Meet some of our team
Our Mataaho Aronui – Māori Strategic Outcomes team provides Wellington City Council with a strong Māori voice.
They have a strong focus on elevating Māori voices and increasing Māori representation in our leadership and across our city.
The team are driven to maximise their impact for Māori through building strong and enduring partnerships so that Māori are proactively engaged in Pōneke's future.
Here’s what our Mataaho Aronui team had to say about their roles, their aspirations for Pōneke, and what they love best about our city.
Karepa Wall, Tātai Heke Māori (Chief Māori Officer)
Manukorihi, Te Ātiawa, Ngāti Ruanui, Taranaki Tūturu, Ngāti Tūwharetoa
It’s important that we have a huge focus on raising the status of our indigenous language and our culture and identity here in Wellington, while also focusing on the wellbeing of our people, our environment, and our wider communities.
Mana whenua and Māori aspirations for Wellington are firmly fixed on elevating and celebrating te ao Māori in all spaces, normalising te reo Māori, and creating a sense of community pride for all things Māori within our city. Wellington is the innovative capital, the creative city and the head of the fish – and with all of these components, we can really shape an exciting future for Pōneke. Kia mouri ora te tāone mīharo a Pōneke.
Manda Grubner, Manager Māori Partnerships
In my role I support the organisation to have strong and authentic partnerships with mana whenua and Māori. I have a vision for a Pōneke where Te Tiriti is embodied at all levels, through our governance, operations and at the community level.
My favourite thing about Pōneke is our wild windy coastline and I love to hīkoi around the South Coast to settle my wairua.
Johnnie Freeland, Manager Māori Strategy
Ngāti Te Ata Waiohua, Ngāti Mahuta, Ngāti Apakura, Ngāi Tūhoe
As the Māori Strategy team, our role is to weave te ao Māori knowledge, strategic thinking and rangahau Māori research together so that Māori prosper as Māori. My aspiration for Pōneke/Te Whanganui-a-Tara/Te Upoko o Te Ika a Māui (the head of Māui's fish) is to be a place where Māori thrive, and that Wellington is seen internationally as the benchmark of excellence in the way indigenous peoples are valued and accorded mana.
Naina O Te Waipounamu West, Programme Manager Māori Success
Ngāti Porou, Ngāti Pikiao
I dream of a day where my sons can walk down Lambton Quay and see, hear and speak te reo Māori and te ao Māori is well represented, where they can sit in a boardroom and see themselves reflected in those around that table. More Māori in leadership, more mana whenua presence in spaces, more co-governance, more equitable funding and support for kaupapa Māori.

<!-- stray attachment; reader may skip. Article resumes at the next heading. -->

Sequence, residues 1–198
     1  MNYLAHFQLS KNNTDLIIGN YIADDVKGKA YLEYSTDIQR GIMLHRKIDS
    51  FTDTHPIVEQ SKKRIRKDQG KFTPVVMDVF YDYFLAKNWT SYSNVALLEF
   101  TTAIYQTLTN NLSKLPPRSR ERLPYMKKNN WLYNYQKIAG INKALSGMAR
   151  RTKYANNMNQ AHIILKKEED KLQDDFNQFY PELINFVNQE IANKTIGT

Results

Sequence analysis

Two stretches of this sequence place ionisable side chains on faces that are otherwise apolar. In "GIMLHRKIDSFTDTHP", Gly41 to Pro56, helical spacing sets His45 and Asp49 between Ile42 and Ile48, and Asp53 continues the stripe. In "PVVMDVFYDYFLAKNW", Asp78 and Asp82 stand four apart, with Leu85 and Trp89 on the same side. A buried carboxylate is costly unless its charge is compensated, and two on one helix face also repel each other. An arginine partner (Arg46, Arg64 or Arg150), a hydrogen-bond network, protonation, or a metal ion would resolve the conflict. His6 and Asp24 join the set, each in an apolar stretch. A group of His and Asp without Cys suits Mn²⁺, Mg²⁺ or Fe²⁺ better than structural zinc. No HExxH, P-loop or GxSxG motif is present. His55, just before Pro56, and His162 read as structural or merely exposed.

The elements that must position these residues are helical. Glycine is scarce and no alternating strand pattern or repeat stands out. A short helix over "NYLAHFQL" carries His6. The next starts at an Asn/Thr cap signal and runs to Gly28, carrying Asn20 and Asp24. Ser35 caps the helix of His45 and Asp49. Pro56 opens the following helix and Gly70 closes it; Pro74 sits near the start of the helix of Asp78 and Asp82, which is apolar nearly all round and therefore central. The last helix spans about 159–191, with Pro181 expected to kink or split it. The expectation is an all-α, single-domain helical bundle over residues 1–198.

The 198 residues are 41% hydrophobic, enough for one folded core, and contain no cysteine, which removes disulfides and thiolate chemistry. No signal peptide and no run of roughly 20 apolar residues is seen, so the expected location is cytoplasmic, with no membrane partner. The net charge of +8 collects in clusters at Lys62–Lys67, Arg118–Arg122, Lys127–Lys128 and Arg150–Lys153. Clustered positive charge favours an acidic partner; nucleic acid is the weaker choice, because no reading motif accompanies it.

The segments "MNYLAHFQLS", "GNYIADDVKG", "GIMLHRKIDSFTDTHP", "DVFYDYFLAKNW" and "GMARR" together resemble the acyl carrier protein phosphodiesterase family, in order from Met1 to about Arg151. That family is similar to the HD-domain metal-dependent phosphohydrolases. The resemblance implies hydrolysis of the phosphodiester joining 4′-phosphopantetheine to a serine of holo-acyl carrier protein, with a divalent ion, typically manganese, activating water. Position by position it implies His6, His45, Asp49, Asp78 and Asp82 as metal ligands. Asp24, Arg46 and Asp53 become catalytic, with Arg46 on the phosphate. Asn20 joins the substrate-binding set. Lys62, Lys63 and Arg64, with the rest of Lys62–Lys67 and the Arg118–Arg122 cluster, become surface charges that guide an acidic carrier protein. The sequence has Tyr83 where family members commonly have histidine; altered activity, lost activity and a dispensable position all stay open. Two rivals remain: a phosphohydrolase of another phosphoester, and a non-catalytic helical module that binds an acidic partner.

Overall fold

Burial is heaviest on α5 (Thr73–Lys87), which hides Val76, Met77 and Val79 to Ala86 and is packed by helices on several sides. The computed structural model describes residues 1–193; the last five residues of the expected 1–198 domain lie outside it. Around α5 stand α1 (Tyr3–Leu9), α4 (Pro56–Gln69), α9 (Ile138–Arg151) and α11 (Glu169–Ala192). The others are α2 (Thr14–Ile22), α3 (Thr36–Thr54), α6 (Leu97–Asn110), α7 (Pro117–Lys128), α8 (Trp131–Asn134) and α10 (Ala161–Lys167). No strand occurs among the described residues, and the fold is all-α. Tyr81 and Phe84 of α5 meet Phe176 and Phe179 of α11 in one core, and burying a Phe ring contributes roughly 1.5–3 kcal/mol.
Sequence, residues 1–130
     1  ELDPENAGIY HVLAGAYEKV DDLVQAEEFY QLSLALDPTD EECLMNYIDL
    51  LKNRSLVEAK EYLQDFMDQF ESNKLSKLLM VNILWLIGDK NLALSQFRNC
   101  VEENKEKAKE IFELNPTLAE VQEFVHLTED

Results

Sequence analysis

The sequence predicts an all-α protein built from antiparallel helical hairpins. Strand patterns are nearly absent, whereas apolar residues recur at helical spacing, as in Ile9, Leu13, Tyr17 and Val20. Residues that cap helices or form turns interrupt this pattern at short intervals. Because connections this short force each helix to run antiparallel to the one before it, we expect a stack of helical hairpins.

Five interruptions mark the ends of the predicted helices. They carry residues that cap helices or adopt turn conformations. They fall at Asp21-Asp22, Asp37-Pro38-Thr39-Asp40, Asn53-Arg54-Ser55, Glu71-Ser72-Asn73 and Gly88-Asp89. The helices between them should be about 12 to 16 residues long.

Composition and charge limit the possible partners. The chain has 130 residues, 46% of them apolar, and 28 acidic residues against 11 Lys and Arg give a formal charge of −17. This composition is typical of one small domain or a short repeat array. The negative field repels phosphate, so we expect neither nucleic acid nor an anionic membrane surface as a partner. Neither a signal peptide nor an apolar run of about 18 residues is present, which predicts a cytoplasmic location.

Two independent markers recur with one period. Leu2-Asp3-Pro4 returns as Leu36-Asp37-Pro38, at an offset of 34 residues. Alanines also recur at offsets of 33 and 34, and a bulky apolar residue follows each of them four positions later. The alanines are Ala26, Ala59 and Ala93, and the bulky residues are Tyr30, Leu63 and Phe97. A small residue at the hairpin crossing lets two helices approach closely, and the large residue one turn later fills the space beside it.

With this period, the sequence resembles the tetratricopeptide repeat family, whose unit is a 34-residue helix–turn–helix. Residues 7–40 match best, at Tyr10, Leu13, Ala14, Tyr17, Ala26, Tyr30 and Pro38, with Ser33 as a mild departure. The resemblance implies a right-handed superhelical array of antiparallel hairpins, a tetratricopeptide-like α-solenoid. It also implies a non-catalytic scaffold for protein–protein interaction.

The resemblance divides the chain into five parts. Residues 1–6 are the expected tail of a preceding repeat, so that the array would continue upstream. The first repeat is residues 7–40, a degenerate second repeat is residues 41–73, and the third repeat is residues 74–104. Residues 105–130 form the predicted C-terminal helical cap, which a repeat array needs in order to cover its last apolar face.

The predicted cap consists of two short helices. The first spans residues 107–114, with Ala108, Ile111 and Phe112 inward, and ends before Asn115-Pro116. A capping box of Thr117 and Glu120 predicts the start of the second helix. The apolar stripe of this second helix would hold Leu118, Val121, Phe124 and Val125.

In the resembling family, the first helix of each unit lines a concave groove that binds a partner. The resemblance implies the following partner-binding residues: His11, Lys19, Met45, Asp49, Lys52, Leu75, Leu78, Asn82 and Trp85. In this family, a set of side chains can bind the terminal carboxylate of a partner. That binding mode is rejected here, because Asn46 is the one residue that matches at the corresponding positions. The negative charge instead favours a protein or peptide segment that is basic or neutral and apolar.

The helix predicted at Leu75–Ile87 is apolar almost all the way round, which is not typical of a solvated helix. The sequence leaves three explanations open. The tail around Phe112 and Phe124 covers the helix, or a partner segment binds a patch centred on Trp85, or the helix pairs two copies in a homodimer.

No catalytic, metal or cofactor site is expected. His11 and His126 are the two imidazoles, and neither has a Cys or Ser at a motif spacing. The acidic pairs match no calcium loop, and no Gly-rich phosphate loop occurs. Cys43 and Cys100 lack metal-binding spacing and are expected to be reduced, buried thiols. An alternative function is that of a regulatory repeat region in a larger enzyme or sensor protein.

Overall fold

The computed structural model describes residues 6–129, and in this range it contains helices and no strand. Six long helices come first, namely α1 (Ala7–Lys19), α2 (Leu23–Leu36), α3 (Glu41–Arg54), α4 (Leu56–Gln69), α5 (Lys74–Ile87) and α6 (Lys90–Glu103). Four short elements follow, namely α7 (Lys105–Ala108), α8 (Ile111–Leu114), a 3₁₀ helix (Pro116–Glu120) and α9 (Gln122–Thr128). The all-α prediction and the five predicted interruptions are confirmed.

Te Po Hohua Johnstone, Senior Advisor Māori Partnerships
My favourite thing about Wellington is all the hidden alleyways throughout town, which have amazing shops, cafes and restaurants. I also love our city’s coastline. I hope that one day we see more Māori motifs, narratives, and te reo displayed around the capital as we go about our everyday lives.
Ana Nicholls, Senior Advisor Māori Strategy
My aspirations are to see a city where inequities are no longer visible and where the wellbeing of our people and the environment is at the heart of everything we do. Working in local government excites me because I believe the foundations have been laid for significant, long-term change that will benefit our people, communities, and environment. It may be slow, and we still have a long way to go, but we are making progress, and that matters.
Silas Phillips, Advisor Māori Strategy
Taranaki, Te Ātiawa, Ngāti Raukawa ki Ōtaki
I'm the most junior member of the team and the newest to policy writing, advice and local government processes. I work to support our different kaupapa and thought leadership in any way I can. I love the Wellington harbour and ocean. My hope for Wellington is for it to be a place where kids don't have to grow up in poverty, young people are nurtured, where they can see themselves in roles and positions of leadership.
Tāwhiao McMaster, Senior Advisor Māori Strategy
Te Atihaunui-a-Pāpārangi, Waikato-Tainui
I aim to collaborate with mana whenua and Māori to improve the wellbeing of our communities by weaving appropriate strands of mātauranga Māori with western knowledge. Through this work, we aspire to fill the void of inherent inequalities, through taking equitable steps that improve the wellbeing of our people. What is my favourite thing about Wellington? The people. More than any other place in the world, our people express themselves with confidence and finesse.
Kohe Webster, Coordinator Mataaho Aronui
Ngāti Toarangatira, Ngāti Raukawa ki Ōtaki
The Wellington region has a rich history and some amazing stories from some of the first people who lived here. We’re a city that is embracing te reo Māori and Māori stories, history and art. There has been a real change in this space over the past decade. I believe a bilingual city is within our grasp if we make the right moves. We need to uplift and tautoko our mana whenua partners to meet their aspirations and sail that waka alongside them.
Paratene WiRepa-Kingi, Senior Advisor Māori Partnerships
Ngāti Porou, Te Whānau a Tūwhakairiora, Te Aitanga-a-Hauiti, Rongowhakaata, Ngāti Kahungunu ki Te Wairoa
My mahi symbolises a willingness to develop practical and critical approaches for engagement with mana whenua. Internally, this looks like guiding staff to be confident in proactively seeking mana whenua guidance and input when needed and externally, ensuring that we uphold our collective approaches by striving for better outcomes for Māori and for all here in Te Whanganui-a-Tara. I hope my actions foster a sense of pride when we all succeed rather than celebrating individual successes.